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Correspondence: March 22, 2004


JASON ZENGERLE’S ARTICLE was a fair piece of work ("Talking Back," February 16). Democracy Radio may succeed, who knows? But black people are an important component of the Democratic Party and the left-wing coalition, and I doubt if they will give up black radio for Al Franken. This absence of an important listener constituency is likely to affect Democracy Radio’s programming and tone. The stereotypical white, affluent, professional Democrat is going to be difficult to lure away from National Public Radio, which is an audio bulletin board for liberals. Rush Limbaugh may be first and foremost a brilliant radio entertainer, but his audience clearly shot up because he is filling a rather large media-market niche that was dealt with contemptuously by the major media and entertainment organizations, i.e., the people who thought Ronald Reagan was a good president.

Limbaugh also appears from my observations to appeal to a lot of people who aren’t particularly "political" in the sense of being absorbed in the minutiae of American politics. One more problem for Democracy Radio, by contrast, isn’t so much that white, middle-class liberals are too intelligent to get fresh information from a radio ranter—it’s that they think they are.

Mark Richard,

Columbus, Ohio

IN "TALKING BACK," Jason Zengerle misses a not-so-entertaining theory for the dearth of successful radio talk-show hosts: McCarthyism and the cold war. For decades, liberals have held their tongues because on some level they were worried about being called un-American communists. While the right has been able to simplify its message, the left has not had that luxury for 50 years. Being anti-establishment on the left has meant being a "commie agent" until this century. Even today, no one wants to be thought of as a lefty, un-American, or a bleeding-heart pacifist— all of which the right continues to charge the left with either directly or through innuendo. Isn’t Rush Limbaugh a caricature of Joe McCarthy: arrogant and loud?

Vicki Stearn

Bethesda, Maryland


AT THE CONCLUSION OF THE EDITORIAL  "Kay Sera," the editors "wonder whether President Bush really wants to get to the bottom of the Iraq intelligence story at all" (February 16). Really? Bush’s claim about African yellowcake turned out to be untrue, so the press and Democrats asked, "Who put this mistake in the president’s speech?" Then Bush’s claims about Iraq’s weapons of mass destruction (WMD) turned out to be untrue, so the press and Democrats cried, "We must find out who told this lie to the president!" Just this once, let’s make it plain: The president lied to the American people and to the world about the reason for the war, which was probably to try to establish democracy in an Arab nation because democracy is what we have to offer the oppressed and hopeless people of the Middle East as an alternative to terrorism—a goal the president feared we would not understand or support. Intelligence about Saddam Hussein’s WMD was never the reason for the war, but it was a story the White House knew the American people could understand and could be frightened into believing. Now, having told his lie so many times, the president is now stuck with it. He was right about one thing, though: We sure are gullible.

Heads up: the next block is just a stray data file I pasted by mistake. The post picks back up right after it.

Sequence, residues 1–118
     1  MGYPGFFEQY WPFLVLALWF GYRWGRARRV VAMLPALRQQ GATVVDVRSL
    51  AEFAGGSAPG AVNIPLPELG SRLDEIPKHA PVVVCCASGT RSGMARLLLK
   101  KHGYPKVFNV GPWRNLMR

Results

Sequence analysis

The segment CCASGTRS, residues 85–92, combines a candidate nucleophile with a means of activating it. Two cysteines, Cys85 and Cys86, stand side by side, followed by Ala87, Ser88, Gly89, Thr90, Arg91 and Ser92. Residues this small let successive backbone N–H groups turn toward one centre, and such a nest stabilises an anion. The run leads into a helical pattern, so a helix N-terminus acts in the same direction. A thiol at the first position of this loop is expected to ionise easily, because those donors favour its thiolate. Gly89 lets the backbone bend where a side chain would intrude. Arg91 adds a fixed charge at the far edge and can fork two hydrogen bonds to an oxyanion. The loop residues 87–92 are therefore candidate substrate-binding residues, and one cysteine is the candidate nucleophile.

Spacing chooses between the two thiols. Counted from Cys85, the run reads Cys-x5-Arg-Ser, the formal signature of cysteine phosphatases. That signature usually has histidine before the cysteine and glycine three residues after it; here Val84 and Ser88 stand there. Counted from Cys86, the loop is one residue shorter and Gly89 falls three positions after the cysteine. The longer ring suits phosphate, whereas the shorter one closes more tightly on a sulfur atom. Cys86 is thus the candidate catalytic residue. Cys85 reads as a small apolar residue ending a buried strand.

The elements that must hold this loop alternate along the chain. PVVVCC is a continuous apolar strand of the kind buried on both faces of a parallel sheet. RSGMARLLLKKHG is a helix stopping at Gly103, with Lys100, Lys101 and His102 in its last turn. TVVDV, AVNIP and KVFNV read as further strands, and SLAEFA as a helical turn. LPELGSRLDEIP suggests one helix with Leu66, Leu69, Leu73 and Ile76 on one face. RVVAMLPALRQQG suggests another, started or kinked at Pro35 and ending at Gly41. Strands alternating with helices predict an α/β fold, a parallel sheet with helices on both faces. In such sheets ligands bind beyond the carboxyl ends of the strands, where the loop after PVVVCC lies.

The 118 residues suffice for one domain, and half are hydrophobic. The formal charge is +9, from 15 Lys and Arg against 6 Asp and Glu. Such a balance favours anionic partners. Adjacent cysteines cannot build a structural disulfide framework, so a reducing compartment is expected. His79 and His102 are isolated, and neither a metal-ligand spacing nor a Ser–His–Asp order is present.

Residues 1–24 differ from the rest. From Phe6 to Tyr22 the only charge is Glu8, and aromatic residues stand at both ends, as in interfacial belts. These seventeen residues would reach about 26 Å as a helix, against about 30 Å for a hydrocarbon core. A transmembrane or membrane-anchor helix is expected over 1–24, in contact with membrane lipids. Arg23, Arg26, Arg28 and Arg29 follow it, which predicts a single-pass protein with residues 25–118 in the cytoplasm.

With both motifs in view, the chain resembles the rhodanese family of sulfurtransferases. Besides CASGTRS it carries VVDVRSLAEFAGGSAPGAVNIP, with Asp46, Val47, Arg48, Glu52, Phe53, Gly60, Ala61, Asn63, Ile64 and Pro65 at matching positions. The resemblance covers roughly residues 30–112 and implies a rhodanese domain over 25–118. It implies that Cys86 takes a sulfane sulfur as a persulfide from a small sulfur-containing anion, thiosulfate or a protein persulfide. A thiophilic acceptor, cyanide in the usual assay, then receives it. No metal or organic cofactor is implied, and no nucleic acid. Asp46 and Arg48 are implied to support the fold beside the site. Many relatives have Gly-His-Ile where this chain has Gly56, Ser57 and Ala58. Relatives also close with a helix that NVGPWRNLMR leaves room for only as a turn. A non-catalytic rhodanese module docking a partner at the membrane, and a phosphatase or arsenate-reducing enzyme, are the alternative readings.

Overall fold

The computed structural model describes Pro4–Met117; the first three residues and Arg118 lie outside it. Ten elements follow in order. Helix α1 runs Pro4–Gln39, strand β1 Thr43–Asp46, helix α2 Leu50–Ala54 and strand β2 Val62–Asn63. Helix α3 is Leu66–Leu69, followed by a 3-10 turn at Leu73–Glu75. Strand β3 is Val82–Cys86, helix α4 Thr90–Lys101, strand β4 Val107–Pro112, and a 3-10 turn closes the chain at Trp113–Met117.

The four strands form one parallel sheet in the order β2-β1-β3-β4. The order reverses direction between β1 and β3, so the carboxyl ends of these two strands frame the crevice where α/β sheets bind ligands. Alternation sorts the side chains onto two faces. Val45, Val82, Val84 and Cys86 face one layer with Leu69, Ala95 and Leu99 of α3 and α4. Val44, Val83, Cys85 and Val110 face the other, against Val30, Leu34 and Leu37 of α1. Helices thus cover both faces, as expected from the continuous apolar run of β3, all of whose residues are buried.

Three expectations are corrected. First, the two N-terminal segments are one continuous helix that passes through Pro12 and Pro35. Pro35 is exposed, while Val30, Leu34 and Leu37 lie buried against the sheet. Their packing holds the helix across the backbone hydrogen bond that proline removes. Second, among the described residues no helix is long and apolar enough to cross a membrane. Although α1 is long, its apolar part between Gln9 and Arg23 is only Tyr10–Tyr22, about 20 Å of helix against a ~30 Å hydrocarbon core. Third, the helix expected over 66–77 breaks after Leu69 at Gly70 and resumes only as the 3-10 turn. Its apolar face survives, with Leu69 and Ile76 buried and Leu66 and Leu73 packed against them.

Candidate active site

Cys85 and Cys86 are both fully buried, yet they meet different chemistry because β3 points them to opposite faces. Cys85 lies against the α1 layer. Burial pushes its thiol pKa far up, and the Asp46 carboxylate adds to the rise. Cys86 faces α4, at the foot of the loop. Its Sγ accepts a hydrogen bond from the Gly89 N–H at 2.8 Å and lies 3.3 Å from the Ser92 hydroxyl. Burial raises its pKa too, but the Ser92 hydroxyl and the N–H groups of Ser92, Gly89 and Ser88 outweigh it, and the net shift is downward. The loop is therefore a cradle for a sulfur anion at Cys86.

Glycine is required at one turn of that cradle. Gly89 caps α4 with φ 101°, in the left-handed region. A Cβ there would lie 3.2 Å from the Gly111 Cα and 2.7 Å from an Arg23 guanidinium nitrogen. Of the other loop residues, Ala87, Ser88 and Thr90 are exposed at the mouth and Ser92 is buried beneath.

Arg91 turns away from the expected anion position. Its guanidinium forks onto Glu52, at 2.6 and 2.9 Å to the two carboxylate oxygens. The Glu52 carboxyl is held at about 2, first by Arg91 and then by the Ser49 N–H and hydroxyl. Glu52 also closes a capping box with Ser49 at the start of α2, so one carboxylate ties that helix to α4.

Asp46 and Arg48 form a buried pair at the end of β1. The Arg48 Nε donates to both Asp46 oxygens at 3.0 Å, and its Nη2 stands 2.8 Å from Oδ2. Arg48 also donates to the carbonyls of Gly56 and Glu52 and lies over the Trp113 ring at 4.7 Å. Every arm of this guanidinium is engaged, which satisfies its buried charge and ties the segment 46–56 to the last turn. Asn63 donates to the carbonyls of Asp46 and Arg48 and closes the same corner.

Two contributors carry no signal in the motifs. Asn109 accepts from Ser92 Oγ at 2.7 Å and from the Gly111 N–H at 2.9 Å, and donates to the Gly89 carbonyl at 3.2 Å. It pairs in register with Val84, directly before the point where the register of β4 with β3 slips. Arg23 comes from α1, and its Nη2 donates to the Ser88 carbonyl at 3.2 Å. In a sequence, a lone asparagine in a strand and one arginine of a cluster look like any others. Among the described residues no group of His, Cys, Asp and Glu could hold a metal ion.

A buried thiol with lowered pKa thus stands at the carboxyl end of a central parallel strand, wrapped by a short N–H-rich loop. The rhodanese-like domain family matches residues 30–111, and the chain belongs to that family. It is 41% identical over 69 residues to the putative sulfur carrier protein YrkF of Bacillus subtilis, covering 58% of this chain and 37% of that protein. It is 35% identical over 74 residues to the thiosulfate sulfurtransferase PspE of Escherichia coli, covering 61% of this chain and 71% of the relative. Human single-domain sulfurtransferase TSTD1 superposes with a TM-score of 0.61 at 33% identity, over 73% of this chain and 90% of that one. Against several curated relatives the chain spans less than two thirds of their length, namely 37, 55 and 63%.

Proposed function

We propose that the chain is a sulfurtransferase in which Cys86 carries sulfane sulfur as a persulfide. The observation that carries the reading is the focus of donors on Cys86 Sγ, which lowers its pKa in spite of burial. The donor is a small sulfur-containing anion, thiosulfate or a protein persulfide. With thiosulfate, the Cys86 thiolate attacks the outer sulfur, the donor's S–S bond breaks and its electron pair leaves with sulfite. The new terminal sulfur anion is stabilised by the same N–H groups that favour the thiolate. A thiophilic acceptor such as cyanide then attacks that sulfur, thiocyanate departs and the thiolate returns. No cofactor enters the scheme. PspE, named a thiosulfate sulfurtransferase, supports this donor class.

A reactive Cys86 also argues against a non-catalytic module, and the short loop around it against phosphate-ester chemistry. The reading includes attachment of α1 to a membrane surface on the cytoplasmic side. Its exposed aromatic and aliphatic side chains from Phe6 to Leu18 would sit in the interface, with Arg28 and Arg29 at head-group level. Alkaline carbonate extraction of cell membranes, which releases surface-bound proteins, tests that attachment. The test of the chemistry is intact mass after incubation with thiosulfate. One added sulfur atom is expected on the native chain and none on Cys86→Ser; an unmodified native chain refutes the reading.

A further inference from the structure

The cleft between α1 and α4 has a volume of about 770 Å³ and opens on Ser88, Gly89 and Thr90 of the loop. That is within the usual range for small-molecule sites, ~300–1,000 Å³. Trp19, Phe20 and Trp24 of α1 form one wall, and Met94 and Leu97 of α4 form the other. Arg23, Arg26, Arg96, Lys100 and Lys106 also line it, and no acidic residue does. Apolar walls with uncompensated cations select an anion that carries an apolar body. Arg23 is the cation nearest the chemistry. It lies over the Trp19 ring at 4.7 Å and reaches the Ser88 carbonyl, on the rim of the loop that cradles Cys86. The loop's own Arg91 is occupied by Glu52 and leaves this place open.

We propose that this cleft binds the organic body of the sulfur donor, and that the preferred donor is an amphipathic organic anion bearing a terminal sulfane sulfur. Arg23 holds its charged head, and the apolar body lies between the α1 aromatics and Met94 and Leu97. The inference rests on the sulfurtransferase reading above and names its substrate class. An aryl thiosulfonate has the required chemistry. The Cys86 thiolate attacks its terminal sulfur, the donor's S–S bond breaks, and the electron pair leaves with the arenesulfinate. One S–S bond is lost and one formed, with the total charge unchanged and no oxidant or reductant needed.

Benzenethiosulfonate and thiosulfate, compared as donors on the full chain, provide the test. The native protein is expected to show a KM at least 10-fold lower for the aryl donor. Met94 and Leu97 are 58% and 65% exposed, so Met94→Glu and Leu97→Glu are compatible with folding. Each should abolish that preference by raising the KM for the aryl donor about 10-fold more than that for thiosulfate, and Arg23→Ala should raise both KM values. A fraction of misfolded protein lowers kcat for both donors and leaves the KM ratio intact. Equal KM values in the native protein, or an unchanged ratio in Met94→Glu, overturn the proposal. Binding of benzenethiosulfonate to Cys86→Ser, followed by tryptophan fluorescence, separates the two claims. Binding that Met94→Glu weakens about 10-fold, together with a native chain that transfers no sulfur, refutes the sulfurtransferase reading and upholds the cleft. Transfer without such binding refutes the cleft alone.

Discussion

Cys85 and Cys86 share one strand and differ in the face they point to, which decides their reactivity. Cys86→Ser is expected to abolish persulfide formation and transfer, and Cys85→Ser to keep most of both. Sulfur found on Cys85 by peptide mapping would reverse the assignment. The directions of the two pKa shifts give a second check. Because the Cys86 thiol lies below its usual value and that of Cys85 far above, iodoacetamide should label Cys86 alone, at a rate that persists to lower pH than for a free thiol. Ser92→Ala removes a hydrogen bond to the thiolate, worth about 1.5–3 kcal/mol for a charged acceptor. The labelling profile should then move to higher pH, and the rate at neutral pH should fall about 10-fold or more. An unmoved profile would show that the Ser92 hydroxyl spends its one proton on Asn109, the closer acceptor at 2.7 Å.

Michael Hickey

Palm Springs, California


CLAY RISEN'S ARTICLE "MISSED Target," is aptly named (February 2). I was disappointed to see that Risen missed the target with his interpretation of Forrester Research’s work on offshoring. While I wrote the brief "3.3 Million U. S. Services Jobs To Go Offshore" after conducting surveys with a number of business leaders, they were not casual conversations, nor the sole basis for my analysis.

In addition to a survey of 150 Fortune 1,000 companies, the research model for this brief was developed after three months of background research, two trips to India to meet with offshore companies, and an assessment of 525 services job categories. I also worked with a team of analysts on this brief. The model itself looked at how 18 different occupational categories in the services sector of the U.S. economy would be impacted by lower-cost offshore options. Once we defined the four main factors in the offshore decision process, we created a five-tier ranking of the impact of offshoring. This ranking was then applied to 505 Department of Labor occupational categories. We also reviewed the Department of Labor’s Bureau of Statistics data on National Occupational Employment and Wage Estimates.

Risen is correct; it is a complex effort to precisely measure the number of jobs that will be lost to the move offshore. The discussion around offshore outsourcing remains a passionate one—one that requires an understanding of the existing and complex data.

John McCarthy

Forrester Research

Cambridge, Massachusetts